Privately-owned UK pharmaceutical companies are thrivingRuth Mabhiza
Privately-owned UK pharmaceutical companies are thriving.
Britain’s 50 fastest-growing privately-owned pharmaceutical companies have all increased sales by at least 10% in each of their last two financial years, new research reveals, facing down headwinds such as Brexit and NHS spending pressures to deliver outstanding performance.
According to data by Alantra, a corporate finance firm with over 280 professionals globally (of which 70 are based in the UK), pharmaceutical companies in the country are thriving. “These companies have achieved remarkable rates of growth,” said Tom Cowap, a Director in Alantra’s UK advisory business. “Many of UK’s smaller and privately-owned businesses often lead their markets globally.”
The fastest-growing pharma player in the industry – Qualasept Pharmaxo, a specialist pharmacy provider and clinical homecare company – achieved annualised sales growth of 77% over its last two financial years. The analysis reveals that firms that have made the prestigious list differentiate themselves through their ability to isolate and then communicate a diverse set of value drivers, including societal issues such as the economic case for a product, as well as patient outcomes.
One fast grower, Prescient Healthcare Group, is focused on advising drug development and commercialisation teams (executives) for some of the largest pharmaceutical companies, as well as the smaller firms and biotechs. “We help them differentiate their assets and brands and understand the priorities of the key stakeholders who will influence and enable commercial success and patient access,” said Rakesh Verma, the company’s President of EMEA and APAC.
At Oxford PharmaGenesis, Chief Operating Officer Richard White agrees. “We no longer refer to ourselves as a medical communications business because that is too narrow,” he said. “We think HealthScience communications is a better representation of our wider range of activities: in growing areas such as value demonstration and patient communications, for example, but also in talking to a wider audience that still includes physicians, but also spans payers, patients, regulators and even policymakers.”
For Mark Jeffery, a founding director of The Research Partnership, this shift has meant his firm now provides its specialist market research to pharmaceuticals working at every stage of the product cycle. His company is as at home researching how a marketplace might change over the next 15 years as its is analysing demand for a specific new product or forecasting future sales of an established product going off-patent. “This is a global market, with emerging market customers becoming more and more important to us,” Jeffery says. “Our value driver is the strategic direction we can give clients based on the data.”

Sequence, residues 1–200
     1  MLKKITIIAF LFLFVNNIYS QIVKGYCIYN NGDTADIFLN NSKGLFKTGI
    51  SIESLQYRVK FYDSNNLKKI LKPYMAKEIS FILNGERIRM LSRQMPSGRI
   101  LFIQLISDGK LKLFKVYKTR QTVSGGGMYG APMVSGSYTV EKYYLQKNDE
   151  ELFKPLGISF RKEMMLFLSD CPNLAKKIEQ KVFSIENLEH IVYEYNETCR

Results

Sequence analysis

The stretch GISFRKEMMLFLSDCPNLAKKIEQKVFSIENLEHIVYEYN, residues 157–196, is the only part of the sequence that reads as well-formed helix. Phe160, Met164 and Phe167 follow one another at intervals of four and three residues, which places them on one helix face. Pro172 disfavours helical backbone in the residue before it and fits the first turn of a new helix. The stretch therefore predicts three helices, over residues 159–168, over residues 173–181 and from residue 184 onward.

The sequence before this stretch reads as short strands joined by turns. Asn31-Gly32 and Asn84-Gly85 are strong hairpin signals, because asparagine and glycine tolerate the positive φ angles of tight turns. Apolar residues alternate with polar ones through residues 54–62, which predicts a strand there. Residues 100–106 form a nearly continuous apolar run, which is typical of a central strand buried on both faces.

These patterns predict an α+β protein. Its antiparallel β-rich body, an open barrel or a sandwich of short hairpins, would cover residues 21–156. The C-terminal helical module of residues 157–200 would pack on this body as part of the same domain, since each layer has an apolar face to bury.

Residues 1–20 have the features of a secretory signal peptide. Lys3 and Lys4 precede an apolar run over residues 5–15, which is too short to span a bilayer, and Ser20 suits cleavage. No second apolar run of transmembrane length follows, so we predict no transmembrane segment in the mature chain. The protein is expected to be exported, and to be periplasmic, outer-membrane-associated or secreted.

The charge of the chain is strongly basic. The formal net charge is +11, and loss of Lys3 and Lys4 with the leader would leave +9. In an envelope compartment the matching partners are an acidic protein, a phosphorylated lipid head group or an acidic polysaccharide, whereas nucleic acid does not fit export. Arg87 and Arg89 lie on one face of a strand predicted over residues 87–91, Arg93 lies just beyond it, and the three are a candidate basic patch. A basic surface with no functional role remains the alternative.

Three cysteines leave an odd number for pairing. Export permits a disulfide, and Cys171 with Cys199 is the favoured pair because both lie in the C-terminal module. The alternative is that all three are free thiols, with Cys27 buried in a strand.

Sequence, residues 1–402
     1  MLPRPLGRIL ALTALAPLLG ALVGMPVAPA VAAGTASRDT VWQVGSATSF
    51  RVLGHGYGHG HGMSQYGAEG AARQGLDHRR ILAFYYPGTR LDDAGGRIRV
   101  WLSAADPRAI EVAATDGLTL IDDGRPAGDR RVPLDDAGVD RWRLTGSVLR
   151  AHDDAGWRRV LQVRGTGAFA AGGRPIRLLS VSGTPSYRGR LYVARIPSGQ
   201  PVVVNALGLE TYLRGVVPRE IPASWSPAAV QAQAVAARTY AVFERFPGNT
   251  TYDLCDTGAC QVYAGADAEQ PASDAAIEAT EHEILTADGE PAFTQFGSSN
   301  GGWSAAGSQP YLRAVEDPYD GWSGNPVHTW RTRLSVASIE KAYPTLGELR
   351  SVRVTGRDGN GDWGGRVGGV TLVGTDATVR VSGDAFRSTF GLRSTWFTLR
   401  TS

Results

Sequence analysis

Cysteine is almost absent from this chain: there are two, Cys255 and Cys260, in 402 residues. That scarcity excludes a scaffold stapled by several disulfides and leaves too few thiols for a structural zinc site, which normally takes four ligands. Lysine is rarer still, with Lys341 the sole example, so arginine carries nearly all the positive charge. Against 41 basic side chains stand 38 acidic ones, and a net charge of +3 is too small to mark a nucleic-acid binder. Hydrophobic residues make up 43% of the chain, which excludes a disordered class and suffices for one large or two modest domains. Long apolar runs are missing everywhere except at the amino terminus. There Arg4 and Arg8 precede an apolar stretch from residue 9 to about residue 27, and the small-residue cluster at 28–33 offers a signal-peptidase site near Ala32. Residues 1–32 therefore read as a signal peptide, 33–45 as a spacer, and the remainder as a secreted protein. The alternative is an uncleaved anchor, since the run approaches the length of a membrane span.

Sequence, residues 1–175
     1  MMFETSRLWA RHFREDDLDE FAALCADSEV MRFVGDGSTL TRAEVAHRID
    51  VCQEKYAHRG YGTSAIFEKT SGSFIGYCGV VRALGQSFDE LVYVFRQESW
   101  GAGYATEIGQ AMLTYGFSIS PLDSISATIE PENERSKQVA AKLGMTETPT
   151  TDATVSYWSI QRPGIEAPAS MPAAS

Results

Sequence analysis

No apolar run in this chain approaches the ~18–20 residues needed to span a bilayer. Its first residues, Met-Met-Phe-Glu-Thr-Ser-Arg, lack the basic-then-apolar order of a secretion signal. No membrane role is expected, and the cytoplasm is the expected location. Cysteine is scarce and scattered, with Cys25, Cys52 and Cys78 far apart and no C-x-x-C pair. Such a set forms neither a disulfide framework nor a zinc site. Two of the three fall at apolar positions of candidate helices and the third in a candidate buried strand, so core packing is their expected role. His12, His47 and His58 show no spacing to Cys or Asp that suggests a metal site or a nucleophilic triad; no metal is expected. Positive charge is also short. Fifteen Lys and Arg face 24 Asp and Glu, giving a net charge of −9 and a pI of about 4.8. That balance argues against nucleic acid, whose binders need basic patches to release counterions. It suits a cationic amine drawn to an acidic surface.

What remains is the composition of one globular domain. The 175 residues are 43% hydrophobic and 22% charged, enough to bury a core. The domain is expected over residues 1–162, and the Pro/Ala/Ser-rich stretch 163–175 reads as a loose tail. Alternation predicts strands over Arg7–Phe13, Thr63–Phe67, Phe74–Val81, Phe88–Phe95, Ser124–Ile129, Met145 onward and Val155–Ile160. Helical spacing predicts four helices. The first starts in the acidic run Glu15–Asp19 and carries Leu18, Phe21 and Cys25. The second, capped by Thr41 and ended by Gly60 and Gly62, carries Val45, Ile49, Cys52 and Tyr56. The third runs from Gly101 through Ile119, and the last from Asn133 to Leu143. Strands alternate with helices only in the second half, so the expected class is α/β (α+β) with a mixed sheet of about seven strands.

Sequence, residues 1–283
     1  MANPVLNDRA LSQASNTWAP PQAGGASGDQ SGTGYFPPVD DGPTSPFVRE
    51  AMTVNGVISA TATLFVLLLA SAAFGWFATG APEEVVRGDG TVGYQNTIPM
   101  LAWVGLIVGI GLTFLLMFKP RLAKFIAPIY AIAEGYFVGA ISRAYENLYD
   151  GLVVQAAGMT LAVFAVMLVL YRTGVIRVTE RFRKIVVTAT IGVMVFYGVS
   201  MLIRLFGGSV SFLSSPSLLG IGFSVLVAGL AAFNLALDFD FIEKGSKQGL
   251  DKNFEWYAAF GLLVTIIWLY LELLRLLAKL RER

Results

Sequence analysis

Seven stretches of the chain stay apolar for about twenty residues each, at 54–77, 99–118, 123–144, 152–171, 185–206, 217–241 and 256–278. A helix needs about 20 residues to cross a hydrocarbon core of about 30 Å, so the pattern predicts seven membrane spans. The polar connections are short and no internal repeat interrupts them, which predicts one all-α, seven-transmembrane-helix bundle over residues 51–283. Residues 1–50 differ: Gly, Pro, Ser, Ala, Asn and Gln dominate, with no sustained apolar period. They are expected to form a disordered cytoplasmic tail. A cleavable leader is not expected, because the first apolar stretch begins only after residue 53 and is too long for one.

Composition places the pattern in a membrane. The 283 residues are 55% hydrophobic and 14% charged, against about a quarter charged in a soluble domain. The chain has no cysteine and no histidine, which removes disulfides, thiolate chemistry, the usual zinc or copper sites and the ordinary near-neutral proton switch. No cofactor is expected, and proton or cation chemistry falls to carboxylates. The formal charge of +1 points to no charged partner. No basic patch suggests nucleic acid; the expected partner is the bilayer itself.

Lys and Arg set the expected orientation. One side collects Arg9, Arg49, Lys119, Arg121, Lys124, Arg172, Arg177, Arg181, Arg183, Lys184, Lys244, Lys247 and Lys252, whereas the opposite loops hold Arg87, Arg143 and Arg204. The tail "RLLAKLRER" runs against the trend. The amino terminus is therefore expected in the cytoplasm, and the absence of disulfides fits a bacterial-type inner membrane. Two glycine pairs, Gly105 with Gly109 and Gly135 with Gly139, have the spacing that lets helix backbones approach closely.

This is not to suggest a broader product offering will erode the importance of specialist skills. Nucleus Global Chairman Stephen Cameron said, “The complexity of the compounds that clients are developing means they need real specialist expertise in niche areas – we invest heavily in recruiting and retaining the right people to meet those needs, and talent is going to be a battleground for our sector.” Nevertheless, burgeoning demand is driving a wave of consolidation amongst the consultants. The last 12 months alone have seen medical communications group Fishawack acquire creative consultant Blue Latitude and Peloton Advantage buy Open Health Communications. Private equity interest in the sector has also been heightened.
Alex Marshall, Partner at CIL Consultants, a management consultancy with specialist teams covering this space, expects this to continue. “This is a rare opportunity to invest in a market where the leading players are generating organic growth of 10% or more each year,” he says. “It’s an industry that remains reasonably fragmented, plus emerging trends such as digitalisation and the growing importance of health economics are only just getting going.”
Expect international expansion to be an important theme too, especially in developing and emerging markets. Prescient Healthcare Group’s Rakesh Verma says the growth of the middle classes, particularly in developing economies, will underpin a sustained increase in demand for healthcare, even if economic and political instability present short-term challenges. “These markets are going to be hugely important over the longer term, as their middle class populations grow and their governments move towards universal healthcare models,” Verma says.
“This presents new challenges for commercialising products, as pharma and biotechs have to navigate regulatory regimes they are less familiar with. The key will be to focus on individual countries, rather than falling into the trap of targeting regions or country grouping acronyms; you need to build the right infrastructure and pricing model for each specific market.”
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